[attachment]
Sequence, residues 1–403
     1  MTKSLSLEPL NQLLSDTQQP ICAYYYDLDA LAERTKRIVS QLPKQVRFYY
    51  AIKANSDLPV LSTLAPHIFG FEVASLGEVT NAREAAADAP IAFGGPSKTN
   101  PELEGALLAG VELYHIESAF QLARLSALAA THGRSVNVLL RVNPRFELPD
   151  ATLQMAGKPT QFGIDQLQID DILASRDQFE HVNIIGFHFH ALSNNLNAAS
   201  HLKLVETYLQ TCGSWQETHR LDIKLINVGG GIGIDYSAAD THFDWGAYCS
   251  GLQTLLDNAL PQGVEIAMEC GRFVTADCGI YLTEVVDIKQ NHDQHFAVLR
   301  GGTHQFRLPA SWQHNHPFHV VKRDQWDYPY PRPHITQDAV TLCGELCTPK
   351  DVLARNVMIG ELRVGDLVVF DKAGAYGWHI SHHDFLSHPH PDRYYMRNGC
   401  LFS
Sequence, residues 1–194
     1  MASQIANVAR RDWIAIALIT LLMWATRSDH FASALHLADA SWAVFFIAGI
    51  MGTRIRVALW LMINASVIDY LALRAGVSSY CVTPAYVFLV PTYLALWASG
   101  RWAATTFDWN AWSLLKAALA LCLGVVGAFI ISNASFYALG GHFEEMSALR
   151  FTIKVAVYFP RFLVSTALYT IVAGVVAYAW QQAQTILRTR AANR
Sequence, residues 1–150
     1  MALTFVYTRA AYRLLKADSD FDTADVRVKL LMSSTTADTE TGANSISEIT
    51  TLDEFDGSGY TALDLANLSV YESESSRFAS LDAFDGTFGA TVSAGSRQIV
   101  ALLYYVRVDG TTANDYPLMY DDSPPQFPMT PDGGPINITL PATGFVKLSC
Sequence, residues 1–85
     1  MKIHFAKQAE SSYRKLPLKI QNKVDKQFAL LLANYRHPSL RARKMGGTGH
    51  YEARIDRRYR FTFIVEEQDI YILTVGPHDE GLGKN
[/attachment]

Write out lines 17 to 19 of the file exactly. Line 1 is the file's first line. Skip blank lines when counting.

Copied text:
     1  MALTFVYTRA AYRLLKADSD FDTADVRVKL LMSSTTADTE TGANSISEIT
    51  TLDEFDGSGY TALDLANLSV YESESSRFAS LDAFDGTFGA TVSAGSRQIV
   101  ALLYYVRVDG TTANDYPLMY DDSPPQFPMT PDGGPINITL PATGFVKLSC